2) "Banalmente" (5:16) ballad-like piano opens this one before cymbals, picked acoustic guitars, and Emanuela join in. This time Emanuela's voice reminds me very much of many of the wonderful vocalists that countrymate Riccardo Prencipe uses on his Corde Oblique albums. At the end of the first minute the blues-rock complement of rock instruments join in, taking the song into a whole different mood and then, at the end of the second minute we hear Sandro Amadei for the first time as a lead vocalist--though only briefly--as the intensity and power of the music amps up. Emanuela re-enters, giving the music a strong Eliana Valenzuela / HOMÍNIDO feel. The lead guitars in the dynamic instrumental passage start out rather tame but then turn quite raunchy as the intensity ramps up. The song finishes as a piano-dominated GENESIS-like piece. (8.75/10)

3) "Vetro" (7:10) acoustic guitars of a blues-rock flavour open this with full band support, but then at the one-minute mark the band reveals its real motif--something more dramatic and cinematic--over which Emanuela opens with some background operatic alto vocalise. When things settle down and she begins singing with lyrics up front and center, the musical whole has quite a bit of LAGARTIJA feel to it. This soon changes as the music continues to develop, to smooth out into quite an absolutely gorgeous full soundscape with a killer-heart-wrenching chord progression. But, unfortunately, this doesn't last very long as at 3:27 everybody shifts to staccato pizzicato play for a weave that serves as Spanish-sounding bridge back to the Lagartija motif. I'm really like all of the motifs here though part of me is wishing several could be developed more, for longer periods. Luckily, all motifs cycle through at least one more time (including the killer-heart-wrenching one). We close out with the Spanish pizzicato motif but this time supported by a little more rock-electric instrumentation. Great song! (14.25/15)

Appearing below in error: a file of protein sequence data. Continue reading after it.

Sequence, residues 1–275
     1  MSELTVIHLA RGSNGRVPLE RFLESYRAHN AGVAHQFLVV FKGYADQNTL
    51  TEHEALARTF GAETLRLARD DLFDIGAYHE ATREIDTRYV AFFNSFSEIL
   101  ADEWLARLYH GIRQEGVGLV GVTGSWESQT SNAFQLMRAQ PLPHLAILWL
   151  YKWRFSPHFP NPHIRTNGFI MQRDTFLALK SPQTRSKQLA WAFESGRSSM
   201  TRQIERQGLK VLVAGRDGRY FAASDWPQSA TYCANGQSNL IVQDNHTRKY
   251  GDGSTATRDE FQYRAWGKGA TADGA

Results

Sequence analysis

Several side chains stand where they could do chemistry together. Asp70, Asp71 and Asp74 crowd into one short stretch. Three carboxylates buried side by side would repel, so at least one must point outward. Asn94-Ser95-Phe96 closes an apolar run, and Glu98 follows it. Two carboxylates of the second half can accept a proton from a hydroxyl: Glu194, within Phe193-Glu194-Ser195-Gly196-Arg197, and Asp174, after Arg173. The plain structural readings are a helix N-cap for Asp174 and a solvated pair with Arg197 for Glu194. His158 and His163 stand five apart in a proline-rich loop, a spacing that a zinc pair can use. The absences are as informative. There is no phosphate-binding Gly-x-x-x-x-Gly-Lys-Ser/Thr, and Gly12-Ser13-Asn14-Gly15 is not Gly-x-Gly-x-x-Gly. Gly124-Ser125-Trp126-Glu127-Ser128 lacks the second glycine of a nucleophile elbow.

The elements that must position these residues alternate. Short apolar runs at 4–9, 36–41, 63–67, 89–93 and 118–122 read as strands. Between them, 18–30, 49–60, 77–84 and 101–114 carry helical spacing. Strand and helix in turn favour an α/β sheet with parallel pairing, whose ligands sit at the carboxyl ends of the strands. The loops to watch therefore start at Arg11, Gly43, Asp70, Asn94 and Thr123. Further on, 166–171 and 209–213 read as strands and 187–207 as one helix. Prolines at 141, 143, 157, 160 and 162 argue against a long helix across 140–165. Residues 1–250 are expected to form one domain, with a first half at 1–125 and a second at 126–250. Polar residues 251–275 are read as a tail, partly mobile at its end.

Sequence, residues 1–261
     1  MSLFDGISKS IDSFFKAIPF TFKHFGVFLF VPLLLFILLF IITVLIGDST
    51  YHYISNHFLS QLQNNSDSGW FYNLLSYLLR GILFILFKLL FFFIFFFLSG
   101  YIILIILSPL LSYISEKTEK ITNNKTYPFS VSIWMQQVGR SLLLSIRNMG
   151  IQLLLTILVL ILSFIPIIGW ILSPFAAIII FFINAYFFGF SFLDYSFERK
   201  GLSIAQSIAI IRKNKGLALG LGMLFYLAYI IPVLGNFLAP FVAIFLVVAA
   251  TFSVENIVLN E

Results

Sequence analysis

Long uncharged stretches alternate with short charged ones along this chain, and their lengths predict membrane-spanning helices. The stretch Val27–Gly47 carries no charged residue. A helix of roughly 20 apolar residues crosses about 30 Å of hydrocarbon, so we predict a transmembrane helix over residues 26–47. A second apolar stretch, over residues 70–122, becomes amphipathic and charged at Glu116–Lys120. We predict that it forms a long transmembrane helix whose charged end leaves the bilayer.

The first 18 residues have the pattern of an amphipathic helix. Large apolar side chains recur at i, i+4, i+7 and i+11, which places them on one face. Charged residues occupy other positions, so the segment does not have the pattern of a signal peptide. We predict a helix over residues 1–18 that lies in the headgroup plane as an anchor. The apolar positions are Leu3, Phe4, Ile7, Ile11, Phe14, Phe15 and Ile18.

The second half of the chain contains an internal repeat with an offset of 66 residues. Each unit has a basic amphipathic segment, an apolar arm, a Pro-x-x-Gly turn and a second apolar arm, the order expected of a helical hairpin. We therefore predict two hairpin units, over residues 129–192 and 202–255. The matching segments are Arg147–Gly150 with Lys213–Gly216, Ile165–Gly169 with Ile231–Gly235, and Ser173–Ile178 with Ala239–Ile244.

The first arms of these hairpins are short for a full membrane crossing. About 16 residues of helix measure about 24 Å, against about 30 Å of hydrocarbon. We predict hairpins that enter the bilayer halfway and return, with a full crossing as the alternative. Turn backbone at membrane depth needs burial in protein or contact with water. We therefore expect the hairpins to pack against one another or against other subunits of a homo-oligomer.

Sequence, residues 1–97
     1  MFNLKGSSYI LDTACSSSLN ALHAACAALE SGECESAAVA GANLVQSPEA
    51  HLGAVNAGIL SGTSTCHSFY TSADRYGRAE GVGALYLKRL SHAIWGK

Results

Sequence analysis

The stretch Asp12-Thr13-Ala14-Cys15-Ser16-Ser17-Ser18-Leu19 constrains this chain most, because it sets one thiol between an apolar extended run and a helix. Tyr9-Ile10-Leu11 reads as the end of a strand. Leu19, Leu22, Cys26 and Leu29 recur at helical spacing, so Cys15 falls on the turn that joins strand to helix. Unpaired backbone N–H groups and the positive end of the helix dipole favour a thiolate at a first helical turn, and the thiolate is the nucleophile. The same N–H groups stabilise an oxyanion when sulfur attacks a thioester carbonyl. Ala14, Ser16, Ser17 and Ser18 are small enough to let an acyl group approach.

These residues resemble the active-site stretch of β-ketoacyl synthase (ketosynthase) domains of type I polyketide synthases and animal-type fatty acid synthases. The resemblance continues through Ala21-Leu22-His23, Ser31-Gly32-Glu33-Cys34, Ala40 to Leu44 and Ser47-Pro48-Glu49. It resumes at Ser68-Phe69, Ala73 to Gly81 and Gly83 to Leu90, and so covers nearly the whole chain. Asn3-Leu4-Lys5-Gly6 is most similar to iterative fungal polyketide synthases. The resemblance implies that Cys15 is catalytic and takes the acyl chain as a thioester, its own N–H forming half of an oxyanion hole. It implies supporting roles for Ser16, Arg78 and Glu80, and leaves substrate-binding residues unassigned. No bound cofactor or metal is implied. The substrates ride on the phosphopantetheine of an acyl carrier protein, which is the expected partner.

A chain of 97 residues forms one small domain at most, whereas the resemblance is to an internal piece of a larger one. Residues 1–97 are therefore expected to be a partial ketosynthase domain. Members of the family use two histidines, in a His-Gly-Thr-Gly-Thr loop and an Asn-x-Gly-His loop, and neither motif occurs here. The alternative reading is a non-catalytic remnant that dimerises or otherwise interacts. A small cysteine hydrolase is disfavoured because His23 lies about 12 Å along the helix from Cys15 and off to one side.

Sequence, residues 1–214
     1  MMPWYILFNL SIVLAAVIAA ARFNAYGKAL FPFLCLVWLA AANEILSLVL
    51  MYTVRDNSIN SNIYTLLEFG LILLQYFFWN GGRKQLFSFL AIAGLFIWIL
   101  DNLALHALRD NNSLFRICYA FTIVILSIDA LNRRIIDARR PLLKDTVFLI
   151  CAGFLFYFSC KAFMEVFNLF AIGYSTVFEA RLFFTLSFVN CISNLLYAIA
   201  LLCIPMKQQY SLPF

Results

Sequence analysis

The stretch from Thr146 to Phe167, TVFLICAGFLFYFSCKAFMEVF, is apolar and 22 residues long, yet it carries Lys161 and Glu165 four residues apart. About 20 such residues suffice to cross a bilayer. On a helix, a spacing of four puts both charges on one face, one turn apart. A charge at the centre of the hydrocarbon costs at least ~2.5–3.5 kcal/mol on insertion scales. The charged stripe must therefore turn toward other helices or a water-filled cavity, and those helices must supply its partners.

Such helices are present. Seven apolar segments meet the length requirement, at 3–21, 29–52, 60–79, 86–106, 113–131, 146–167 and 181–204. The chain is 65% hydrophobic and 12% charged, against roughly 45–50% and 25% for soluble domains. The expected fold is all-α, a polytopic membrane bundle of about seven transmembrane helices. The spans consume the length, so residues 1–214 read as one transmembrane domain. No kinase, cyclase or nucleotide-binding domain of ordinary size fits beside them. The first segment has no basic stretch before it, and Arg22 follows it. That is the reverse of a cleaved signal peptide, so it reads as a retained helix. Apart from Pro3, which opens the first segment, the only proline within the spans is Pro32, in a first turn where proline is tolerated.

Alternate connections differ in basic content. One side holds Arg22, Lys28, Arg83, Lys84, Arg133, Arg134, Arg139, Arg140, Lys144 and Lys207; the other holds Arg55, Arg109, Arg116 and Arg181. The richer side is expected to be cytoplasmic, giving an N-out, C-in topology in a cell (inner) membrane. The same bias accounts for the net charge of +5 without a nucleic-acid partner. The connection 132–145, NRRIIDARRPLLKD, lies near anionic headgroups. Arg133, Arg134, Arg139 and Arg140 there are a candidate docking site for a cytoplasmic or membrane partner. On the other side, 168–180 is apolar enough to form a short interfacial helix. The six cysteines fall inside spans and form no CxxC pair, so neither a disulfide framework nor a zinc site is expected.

4) "Strade affollate" (4:57) picked acoustic steel-string guitar opens this one for half a minute before Emanuela joins in, singing, again, in a very folksy voice, giving the song a true CORDE OBLIQUE sound and style. Her lovely voice, however, remains in the realms of us mere mortals, never forcing itself into operatic modalities, which is actually quite endearing. Full-band joins in for the second verse, doing nothing to disrupt the spell that Emanuela has put us under until fourth minute when the electronic walls of sound kind of engulf her. But we switch back to a calmer, more supportive sonic field for the instrumental finish as a nylon-string guitar plays a beautiful recapitulation of the main theme to the end.  Very nice song--almost perfectly crafted. (9/10)

5) "L'Occhio dello sciacallo" (2:51) a singing duet between Emanuela and Sandro Amadei over/within some theatric, almost lounge music. Quite lovely and romantic--like watching a tango dance. (9.25/10)